Tianjin warehouse explosion 2015

Tianjin's hell on earth as huge chemical blasts decimate Chinese port, killing at least 55

Apocalyptic scenes as chemical explosions, one with the force of more than 20 tonnes of TNT detonating, rip through mainland port, killing at least 55 and injuring hundreds

PUBLISHED : Thursday, 13 August, 2015, 11:38pm
UPDATED : Wednesday, 20 June, 2018, 4:55pm

The death toll in Wednesday's huge chemical blast in the Chinese port city of Tianjin has risen to 55, including 17 firefighters, as environmentalists warned that rain forecast to fall today could transfer toxic air-borne chemicals into nearby waterways.

Two massive explosions - one with the force of 21 tonnes of TNT detonating - shortly after 11.30pm on Wednesday in Ruihai International Logistics' hazardous goods warehouse sent huge fireballs into the air.

We lived through the Tangshan earthquake … but [this] was more horrific 

The city government said 701 people were receiving treatment in hospitals and 71 remained in critical conditions.

Four Hongkongers were among the injured and two remained in hospital.

The fire in Tianjin, 140km southeast of Beijing, spread across 20,000 square metres of an industrial park in the city's port.

Tall plumes of grey and white smoke and a pungent smell lingered more than a day after the blast, requiring rescue personnel and journalists to wear protective masks.

READ MORE: I thought I was going to die: Tianjin residents recall their long night of fear

National earthquake authorities recorded tremors created by the blasts and likened the second blast to 21 tonnes of TNT, the first to three tonnes.

Pictures posted online showed fireballs shooting into the sky and victims covered in blood running for their lives.

Cargo containers and thousands of vehicles nearby were blown apart, flipped or burnt down. Windows on office and apartment buildings kilometres away were shattered.

The local government is yet to conclude what caused the explosion. A team of more than 200 military specialists in handling nuclear and biochemical materials has been deployed.

The explosion has prompted questions over how the warehouse could have been built so close to residential buildings.

READ MORE: Tianjin's homeless look for shelter as troops trained in chemical warfare enter blast site

The Beijing Times said there were at least 700 tonnes of sodium cyanide, a toxic chemical often used in mining to extract gold, in wooden boxes and metal containers at the blast site. Some of the chemical had been detected in a ditch, suggesting leakage.

Residents said they had difficulty breathing, but authorities said the level of six air pollutants in the city remained acceptable. Authorities predicted the prevailing wind would blow pollutants towards the Bohai Sea, away from Beijing.

Witnesses described the blast site as "hell on earth". Some had initially wondered whether the blast was caused by an earthquake or even a nuclear bomb.

A 66-year-old man who lives on the 13th floor of a residential building within 1.5km of the site said the blast was worse than an earthquake that killed more than 240,000 people decades ago.

"We lived through the Tangshan earthquake in 1976, but last night's explosion was even more horrific. After the deafening sound, the shockwaves came and windows flew out," said the man, who hid in the corner of a room with his wife until firefighters came before 3am to fetch them.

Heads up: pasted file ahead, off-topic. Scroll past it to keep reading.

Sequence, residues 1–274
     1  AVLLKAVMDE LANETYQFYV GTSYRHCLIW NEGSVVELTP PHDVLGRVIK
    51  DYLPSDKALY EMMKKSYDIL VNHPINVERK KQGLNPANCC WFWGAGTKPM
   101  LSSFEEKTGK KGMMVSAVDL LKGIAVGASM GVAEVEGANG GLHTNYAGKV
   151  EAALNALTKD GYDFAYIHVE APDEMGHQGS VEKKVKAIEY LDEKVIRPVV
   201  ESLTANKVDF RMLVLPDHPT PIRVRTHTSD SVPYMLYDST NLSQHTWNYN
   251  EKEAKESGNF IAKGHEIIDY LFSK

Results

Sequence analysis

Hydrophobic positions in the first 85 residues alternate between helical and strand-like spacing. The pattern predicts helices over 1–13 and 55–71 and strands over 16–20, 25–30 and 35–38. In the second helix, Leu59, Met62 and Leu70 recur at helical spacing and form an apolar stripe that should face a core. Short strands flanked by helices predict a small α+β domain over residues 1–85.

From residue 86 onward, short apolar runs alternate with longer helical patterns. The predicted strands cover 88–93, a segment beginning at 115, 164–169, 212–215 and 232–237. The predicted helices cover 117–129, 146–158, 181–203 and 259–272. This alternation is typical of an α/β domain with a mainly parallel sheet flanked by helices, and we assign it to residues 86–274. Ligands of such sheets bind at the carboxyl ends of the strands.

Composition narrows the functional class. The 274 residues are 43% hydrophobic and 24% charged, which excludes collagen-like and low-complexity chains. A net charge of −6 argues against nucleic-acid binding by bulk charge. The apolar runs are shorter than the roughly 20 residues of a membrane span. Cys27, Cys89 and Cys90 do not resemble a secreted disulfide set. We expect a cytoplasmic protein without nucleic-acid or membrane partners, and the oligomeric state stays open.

A 55-year-old woman said she was literally blown off her bed by the shockwaves.

"Even elevator doors within our building were deformed," she said.

Her family escaped from their apartment building and spent the night on the street before being directed to a resettlement camp and barred from returning to their home.

The environmental organisation Greenpeace Beijing expressed concerns over the health risks posed by certain chemicals after two massive explosions rocked the area on Wednesday night.

Greenpeace, citing information from Tianjin Tanggu Environmental Monitoring Station, said the company also stored calcium carbide in addition to the chemicals mentioned by the Daily.

The three chemicals are highly toxic and can present health threats both with short and long-term exposure.

Greenpeace also warned that rain could transfer air-borne pollutants into water systems as rain was forecast for the city on Friday.

State-run CCTV reported the senior management of Ruihai International Logistics had been detained by authorities.

IN PICTURES: Huge explosions in Tianjin leave dozens dead, injured

Rescue efforts were suspended yesterday morning due to uncertainty about which chemicals were on site. They resumed in the afternoon.

The Beijing News said more than 36 fire fighters were missing; 17 were confirmed dead.

More than 6,000 residents were evacuated and half were still waiting to be directed to resettlement spots.

More than 1,000 medical staff, including some specialists in burns and orthopaedics from 10 local hospitals had been deployed, according to Tianjin city government officials at a press conference.

More than 1,000 officers from the city's fire brigade were dispatched and about 400 members of China's paramilitary forces were helping with the relief and rescue efforts.

The head of the Tianjin fire service said they had received alerts from local residents before 11pm.

President Xi Jinping had told the city authorities to contain the fire and rescue the injured, the China News Service reported.

Ruihai International Logistics says on its website that it was established in 2011 and is an approved company for handling hazardous materials. It says it handles one million tonnes of cargo annually.

Tianjin, with a population of about 15 million, is one of the country's major ports. It is also one of the mainland's more modern cities and is connected to the capital two hours' drive away by a high-speed rail line.

Additional reporting by Samuel Chan